=FUTURE>FLIGHT - an airship story - Part 1
=FUTURE>FLIGHT - an airship story - Part 2
=FUTURE>FLIGHT - an airship story - Part 3
=FUTURE>FLIGHTInstallment Four: Renaissance
©2007 by Paul Boldt
I clicked on information about the Boldt Airship Company, or as the advertising went, “They’re BAC(k)”. Some of the info was about how this type of transportation came back into existence, after a long hiatus in mothballs. Nobody had been successful in creating a large commercial airship program for the longest time. Some even argued that DELAG, (DEutsche Luftschiffahrts Aktien Gesellschaft), the German Zeppelin Airshiplines wasn’t even considered independently financially successful as it had to be government backed in its early development of early zeppelins. But if you look at it, seemed like every type of transportation down the years had been government backed, from the early sailing ships from Columbus’ time, the railroads that conquered various parts of the globe, (some unsuccessfully like the ill fated railway that tried to traverse the Amazon rainforest in Brazil, initially beaten back by the native Indians, till the foreign government backed rail company electrified the rails, killing Indians to teach them a lesson. This rail line was eventually stopped dead in its tracks after actually operating for a number years, by a revengeful mother nature. Heavier than air, had major government back from it’s inception throughout its rapid development through the war years and even to this day with multi-company bailouts.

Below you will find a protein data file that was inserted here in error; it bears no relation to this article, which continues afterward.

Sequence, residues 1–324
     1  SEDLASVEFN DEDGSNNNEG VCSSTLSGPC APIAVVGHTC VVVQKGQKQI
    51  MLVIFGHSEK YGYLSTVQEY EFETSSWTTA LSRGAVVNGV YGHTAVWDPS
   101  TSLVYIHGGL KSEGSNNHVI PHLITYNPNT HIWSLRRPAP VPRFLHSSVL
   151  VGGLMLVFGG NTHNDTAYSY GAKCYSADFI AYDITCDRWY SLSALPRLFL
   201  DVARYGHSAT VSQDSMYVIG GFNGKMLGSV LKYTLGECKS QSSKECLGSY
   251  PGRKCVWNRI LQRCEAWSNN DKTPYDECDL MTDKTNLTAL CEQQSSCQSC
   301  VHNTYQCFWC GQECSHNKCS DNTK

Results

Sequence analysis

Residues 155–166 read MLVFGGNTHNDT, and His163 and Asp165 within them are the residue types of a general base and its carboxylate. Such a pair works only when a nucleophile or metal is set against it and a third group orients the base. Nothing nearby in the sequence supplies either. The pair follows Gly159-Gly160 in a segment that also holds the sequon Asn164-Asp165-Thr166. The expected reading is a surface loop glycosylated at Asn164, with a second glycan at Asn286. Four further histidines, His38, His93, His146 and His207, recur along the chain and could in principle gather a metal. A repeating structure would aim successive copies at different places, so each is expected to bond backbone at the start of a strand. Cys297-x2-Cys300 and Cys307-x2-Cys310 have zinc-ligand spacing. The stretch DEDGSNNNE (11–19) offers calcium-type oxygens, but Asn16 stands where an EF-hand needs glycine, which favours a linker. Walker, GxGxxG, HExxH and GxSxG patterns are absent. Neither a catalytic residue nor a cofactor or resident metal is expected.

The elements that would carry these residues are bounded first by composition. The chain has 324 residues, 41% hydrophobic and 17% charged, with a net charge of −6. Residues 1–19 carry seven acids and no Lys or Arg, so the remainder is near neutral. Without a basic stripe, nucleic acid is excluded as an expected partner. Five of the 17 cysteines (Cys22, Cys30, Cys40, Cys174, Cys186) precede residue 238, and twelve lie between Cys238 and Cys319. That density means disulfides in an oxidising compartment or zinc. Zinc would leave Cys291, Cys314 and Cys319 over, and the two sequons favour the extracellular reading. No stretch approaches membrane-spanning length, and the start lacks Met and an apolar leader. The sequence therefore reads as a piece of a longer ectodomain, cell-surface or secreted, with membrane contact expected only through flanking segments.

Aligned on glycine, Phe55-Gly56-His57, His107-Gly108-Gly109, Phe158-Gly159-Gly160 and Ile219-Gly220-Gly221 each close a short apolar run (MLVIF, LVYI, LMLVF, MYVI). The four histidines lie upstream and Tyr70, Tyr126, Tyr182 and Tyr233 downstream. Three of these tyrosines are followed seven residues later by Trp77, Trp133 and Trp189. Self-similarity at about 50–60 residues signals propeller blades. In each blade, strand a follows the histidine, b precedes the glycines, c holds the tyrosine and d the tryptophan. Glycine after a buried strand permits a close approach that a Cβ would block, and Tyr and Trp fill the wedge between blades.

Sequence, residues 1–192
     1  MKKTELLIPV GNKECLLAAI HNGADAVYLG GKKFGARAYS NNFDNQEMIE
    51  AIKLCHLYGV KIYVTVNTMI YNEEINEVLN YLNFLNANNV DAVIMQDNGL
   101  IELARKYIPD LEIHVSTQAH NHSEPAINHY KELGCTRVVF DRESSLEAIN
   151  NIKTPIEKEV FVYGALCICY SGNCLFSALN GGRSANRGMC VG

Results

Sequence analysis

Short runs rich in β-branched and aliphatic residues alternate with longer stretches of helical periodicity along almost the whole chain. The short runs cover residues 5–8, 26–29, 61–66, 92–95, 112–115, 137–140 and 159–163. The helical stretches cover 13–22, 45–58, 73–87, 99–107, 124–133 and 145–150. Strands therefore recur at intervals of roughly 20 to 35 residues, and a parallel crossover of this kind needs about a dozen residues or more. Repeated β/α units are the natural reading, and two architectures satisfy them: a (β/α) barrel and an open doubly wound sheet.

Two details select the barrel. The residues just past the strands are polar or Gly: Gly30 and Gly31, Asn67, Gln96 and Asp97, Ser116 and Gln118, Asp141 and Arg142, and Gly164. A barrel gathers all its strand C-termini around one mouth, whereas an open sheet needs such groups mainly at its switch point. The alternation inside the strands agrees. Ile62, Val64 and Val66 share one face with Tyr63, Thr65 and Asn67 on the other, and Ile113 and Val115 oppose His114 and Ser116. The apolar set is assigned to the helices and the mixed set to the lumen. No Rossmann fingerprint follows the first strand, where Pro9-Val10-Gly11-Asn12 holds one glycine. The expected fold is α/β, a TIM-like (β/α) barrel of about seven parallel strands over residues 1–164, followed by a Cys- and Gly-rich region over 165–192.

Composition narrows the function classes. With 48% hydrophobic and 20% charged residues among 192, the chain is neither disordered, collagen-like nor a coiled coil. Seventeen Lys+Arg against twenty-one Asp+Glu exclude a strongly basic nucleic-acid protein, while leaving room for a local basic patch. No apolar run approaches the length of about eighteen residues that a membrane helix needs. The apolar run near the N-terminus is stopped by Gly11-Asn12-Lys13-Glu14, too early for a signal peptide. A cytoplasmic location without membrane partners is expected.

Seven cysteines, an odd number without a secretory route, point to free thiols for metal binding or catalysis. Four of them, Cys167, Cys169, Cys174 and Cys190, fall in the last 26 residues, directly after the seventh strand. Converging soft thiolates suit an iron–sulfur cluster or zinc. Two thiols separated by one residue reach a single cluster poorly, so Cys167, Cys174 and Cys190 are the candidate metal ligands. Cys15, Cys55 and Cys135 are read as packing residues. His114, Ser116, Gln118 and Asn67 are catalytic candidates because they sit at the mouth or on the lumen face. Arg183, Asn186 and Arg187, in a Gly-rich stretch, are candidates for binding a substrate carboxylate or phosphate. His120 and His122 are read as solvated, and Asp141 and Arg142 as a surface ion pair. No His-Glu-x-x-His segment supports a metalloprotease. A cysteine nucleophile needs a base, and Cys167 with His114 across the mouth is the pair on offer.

B.A.C. was no exception. Government backing initially came about with the deployment of the Military Disaster Relief Enforcements Program (MD.Rep or aka Dr.Rep), designed many years after the aftermath of Hurricane Katrina, which brought together commercial, military, and humanitarian interests for a faster (leased) government relief turnaround for natural catastrophe victims in the US and around the globe, as well as a band aid if ever a nuclear devastation were to occur.
No direct financial backing was given initially, but in exchange for free lease of land for 30 years (well a $1.00 changed hands- at least on paper), and some infrastructure just east but still within Miramar MCAS (Marine Corps Air Station in San Diego , CA. USA) an exchange of an airship for a set period of time each year to be used in military integration exercises, along with the 13th airship being built that would be manufactured to military specs and leased by the military.
The military exercises tried everything from strapping five previously retired MV-22 Osspreys along the rigid airship’s upper haul for stress and lifting capacity experiments, to three monster Ch-53E Super Stallions that could lift a capacity of 16 tons each without being supported by an airship, but with their weight being supported by the lift of the airship, they could almost double the amount lifted!
The new airship harbor and manufacturing plant at Miramar is at the north end of the previous military training grounds of Camp Elliot. Canyons at Camp Elliot created a perfect cradle for the partially open top airship hangar.
The weather in San Diego, California created one of the best places for to build without a fully covered hangar. Average year round temperature of 70 F degrees/ 21 C , with a yearly rainfall of only 9.45 inches/ 24cm, most of the rain in the months of Dec/Jan/Feb when all of the construction of the outer hull was already completed.
I clicked on the live link to the camera on the bottom of the helicopter showing the airship coming into view just as millions of schoolchildren and adults all over the world were also watching the live cam, as the frenzy of passenger carrying airships traversing the sky was still as new and fresh as the first Space Shuttle missions once were… (Another government backed transportation and exploration program --commercial interest coming into play now with the first moon base being habited).... to be continued